By Ron Wilson, director of the Huck Boyd National Institute for Rural Development at Kansas State University.
“Stop the presses!” Okay, maybe that phrase is never heard anymore except in old movies. But other newspaper traditions, such as covering breaking news, focusing on local coverage, and producing a newspaper on time, still remain in rural Kansas. Today we’ll meet a newspaper publisher who rose to the best traditions of Kansas journalists while facing a tremendous challenge: her newspaper office was totally lost in a fire.
Linda Mowery-Denning is editor and publisher of the weekly Ellsworth County Independent-Reporter. Linda is from Indiana originally. Through a friend in Topeka, she came to Kansas and ultimately got a job at the Salina Journal where she worked for nearly 27 years, covering news stories in communities around Salina.
One of those communities was the rural town of Ellsworth, population 2,946 people. Now, that’s rural. This town had a shock when its long-time newspaper publisher, Karl Gaston, was killed in a tragic auto accident. Townspeople grieved for the family, and then worried about the sale of their local newspaper.
“A friend of mine and I got the crazy idea that we would try to buy the newspaper,” Linda said. They made a bid but a company from Georgia named Morris Multimedia bought the paper instead. Still, Linda and her friend were so intrigued by the community that they decided to create a competing newspaper to serve Ellsworth. The Ellsworth County Independent was born.
“The workload was incredible and the competition was stiff,” Linda said. Ultimately, Linda’s partner went back to Salina but Linda continued to produce the paper. Then she was approached by the owners of the newspaper chain about a merger, which was finalized in 2001. Linda became editor and co-owner of the Ellsworth County Independent-Reporter.
“They’ve been great,” Linda said of Morris Multimedia. “They don’t interfere and they’ve been very supportive.”
Then came Sunday, June 19, 2011. Linda was home when she got a call from her business manager, whose husband is a firefighter.
“I think she was trying to ease me into what had happened,” Linda said. “She told me, “There’s a fire downtown at Douglas and Second Street.” I was trying to think, `Hmm, what building is that?’” And then it hit her – that’s her own newspaper’s building.
By the time Linda got downtown, there were smoke and flames shooting through the top of the newspapers’ building. An attorney in the next block was carrying files out of his office in case the fire spread.
But firefighters came from all over and contained the fire. “The firefighters did a remarkable job,” Linda said. For the newspaper staff, this was not only a huge loss, it was a news story to cover.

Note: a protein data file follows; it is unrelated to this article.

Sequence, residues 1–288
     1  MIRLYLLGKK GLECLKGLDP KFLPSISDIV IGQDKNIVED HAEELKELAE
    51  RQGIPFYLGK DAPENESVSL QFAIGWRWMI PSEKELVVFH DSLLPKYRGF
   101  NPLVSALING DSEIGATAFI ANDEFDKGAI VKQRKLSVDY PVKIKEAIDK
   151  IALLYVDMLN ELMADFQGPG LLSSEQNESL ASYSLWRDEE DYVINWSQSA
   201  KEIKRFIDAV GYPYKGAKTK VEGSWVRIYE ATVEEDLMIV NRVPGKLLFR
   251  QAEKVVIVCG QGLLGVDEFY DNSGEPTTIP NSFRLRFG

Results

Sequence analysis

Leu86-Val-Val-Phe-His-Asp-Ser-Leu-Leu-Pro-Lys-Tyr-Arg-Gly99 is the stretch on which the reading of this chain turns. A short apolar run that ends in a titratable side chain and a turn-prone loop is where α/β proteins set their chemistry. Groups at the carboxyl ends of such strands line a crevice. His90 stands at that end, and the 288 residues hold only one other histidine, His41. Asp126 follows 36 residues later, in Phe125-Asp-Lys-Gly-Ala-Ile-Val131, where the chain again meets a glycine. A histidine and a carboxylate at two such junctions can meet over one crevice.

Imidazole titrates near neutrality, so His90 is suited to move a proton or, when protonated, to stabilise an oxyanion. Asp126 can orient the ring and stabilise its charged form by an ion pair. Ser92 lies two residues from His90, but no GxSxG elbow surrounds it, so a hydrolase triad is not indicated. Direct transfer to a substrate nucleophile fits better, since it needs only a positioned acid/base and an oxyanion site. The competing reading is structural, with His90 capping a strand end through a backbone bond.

Linda and her staff swung into action, taking pictures and interviewing people. Meanwhile, Linda was thinking about how to produce a newspaper. Her first call was to the school superintendent to ask about using the high school journalism department, and he didn’t hesitate to agree. Fortunately, Linda had the page templates on her laptop computer which she had with her at home.
The next morning, the executive director and the president of the Kansas Press Association were in Ellsworth to help. Offers of assistance came from all over. Remarkably, that week’s edition of the Ellsworth County Independent-Reporter was produced on time, as it has been ever since.
“I’m so proud of our staff,” Linda said. “There was never a thought that we wouldn’t put out a newspaper that week. And I can’t say enough good about the support we have received from the community.”
“Linda's coverage of her community is amazing. I am especially impressed with her positive attitude — even through a very challenging year,” said Gloria Freeland, director of K-State's Huck Boyd National Center for Community Media. “Linda has provided leadership for other community newspapers through the excellent example she sets for her own.”
“Stop the presses!” Okay, maybe that phrase isn’t used any more, but the traditions of local coverage and on-time publication still remain. We commend Linda Mowery-Denning and all those involved with the Ellsworth County Independent-Reporter for making a difference by demonstrating that, in rural Kansas, even a fire isn’t enough to stop the presses.
The mission of the Huck Boyd National Institute for Rural Development is to enhance rural development by helping rural people help themselves. The Kansas Profile radio series and columns are produced with assistance from the K-State Research and Extension Department of Communications News Unit. A photo of Ron Wilson is available. Audio and text files of Kansas Profiles are also available. For more information about the Huck Boyd Institute, interested persons can visit Huck Boyd National Institute for Rural Development.